A report published on Saturday by the Polish Ombudsman’s office, based on talks with 33 of the detained while they were imprisoned, says that, “among the arrested, there are people who did not take active part in the gatherings on Krakowskie Przedmiescie or Wilcza street, but were watching the incident. Some of them had rainbow emblems – bags, pins, flags. Among the detained there were also random people who in a certain moment were, for example, coming out of a shop with bags.”
Most of those arrested, including those interviewed by BIRN, intend to file legal complaints about their arrests.
The police’s harsher tactics against LGBT activists – or those mistaken for LGBT activists – have been witnessed in other instances lately, as activists continue to hang rainbow flags and block the van with homophobic slogans, despite people already facing criminal charges for carrying out similar acts.
On Monday in Szczecin, during one of the many solidarity actions taking place across Poland in connection with the Warsaw arrests, an activist was written up for holding a banner saying “Jesus would walk with us”, which the police allege “offends religious feelings’, a crime in this country. And in Krakow on Saturday, the police wrote up six people because one of them hung a rainbow flag on the statue of the Wawel dragon (Margot and two other activists face charges for hanging rainbow flags on various Warsaw monuments).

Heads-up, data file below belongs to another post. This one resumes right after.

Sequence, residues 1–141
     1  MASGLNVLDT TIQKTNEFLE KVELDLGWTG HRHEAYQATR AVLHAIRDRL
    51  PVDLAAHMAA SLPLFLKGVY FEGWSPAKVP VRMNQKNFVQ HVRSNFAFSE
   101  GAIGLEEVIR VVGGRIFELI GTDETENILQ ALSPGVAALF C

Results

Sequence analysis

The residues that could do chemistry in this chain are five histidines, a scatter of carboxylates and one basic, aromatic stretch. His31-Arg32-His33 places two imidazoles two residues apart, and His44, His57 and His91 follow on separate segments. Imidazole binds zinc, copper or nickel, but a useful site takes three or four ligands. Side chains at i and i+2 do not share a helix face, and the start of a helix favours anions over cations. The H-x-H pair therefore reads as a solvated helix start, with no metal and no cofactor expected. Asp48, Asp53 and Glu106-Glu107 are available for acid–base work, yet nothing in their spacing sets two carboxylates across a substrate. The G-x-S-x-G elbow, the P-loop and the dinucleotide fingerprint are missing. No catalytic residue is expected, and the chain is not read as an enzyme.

Speaking to the daily Gazeta Wyborcza, a spokeswoman for the Krakow police suggested the individual could be charged with “putting an object in the wrong place” (another spokesman later said that the charge, if any, would be for “disturbing public order”). The initial statement caused widespread hilarity, but was also an indication that, like in other cities, the police are clamping down on LGBT people without a proper legal basis – which they then struggle to justify post factum.
On Tuesday in Warsaw, nine policemen were sent to check out the grounds and collect evidence when a rainbow flag was hung on the statue of writer Boleslaw Prus. On Wednesday, the police intervened to remove people blocking the route of the same van for which Margot was arrested.
On Friday night in Warsaw, many of the detained were initially given no reason for their arrest, to later hear at the police stations that they would be charged with taking part in an illegal gathering during the COVID-19 pandemic, to eventually see more serious criminal charges laid against them.